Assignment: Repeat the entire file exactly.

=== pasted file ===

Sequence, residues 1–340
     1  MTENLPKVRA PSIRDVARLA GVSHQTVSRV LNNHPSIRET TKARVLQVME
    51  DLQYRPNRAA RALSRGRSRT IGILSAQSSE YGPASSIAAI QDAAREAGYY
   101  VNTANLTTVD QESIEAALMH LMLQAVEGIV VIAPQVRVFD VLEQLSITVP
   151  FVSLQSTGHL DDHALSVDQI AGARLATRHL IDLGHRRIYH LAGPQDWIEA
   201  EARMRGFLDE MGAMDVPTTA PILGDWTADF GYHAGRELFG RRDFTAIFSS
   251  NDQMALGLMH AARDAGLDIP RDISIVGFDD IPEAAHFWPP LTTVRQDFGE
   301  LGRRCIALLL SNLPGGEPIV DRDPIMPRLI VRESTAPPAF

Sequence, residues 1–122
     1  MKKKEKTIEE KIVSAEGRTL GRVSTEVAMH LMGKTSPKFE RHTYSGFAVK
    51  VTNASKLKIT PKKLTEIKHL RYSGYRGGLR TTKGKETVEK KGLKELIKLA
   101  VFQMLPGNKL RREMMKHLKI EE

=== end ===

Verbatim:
Sequence, residues 1–340
     1  MTENLPKVRA PSIRDVARLA GVSHQTVSRV LNNHPSIRET TKARVLQVME
    51  DLQYRPNRAA RALSRGRSRT IGILSAQSSE YGPASSIAAI QDAAREAGYY
   101  VNTANLTTVD QESIEAALMH LMLQAVEGIV VIAPQVRVFD VLEQLSITVP
   151  FVSLQSTGHL DDHALSVDQI AGARLATRHL IDLGHRRIYH LAGPQDWIEA
   201  EARMRGFLDE MGAMDVPTTA PILGDWTADF GYHAGRELFG RRDFTAIFSS
   251  NDQMALGLMH AARDAGLDIP RDISIVGFDD IPEAAHFWPP LTTVRQDFGE
   301  LGRRCIALLL SNLPGGEPIV DRDPIMPRLI VRESTAPPAF

Sequence, residues 1–122
     1  MKKKEKTIEE KIVSAEGRTL GRVSTEVAMH LMGKTSPKFE RHTYSGFAVK
    51  VTNASKLKIT PKKLTEIKHL RYSGYRGGLR TTKGKETVEK KGLKELIKLA
   101  VFQMLPGNKL RREMMKHLKI EE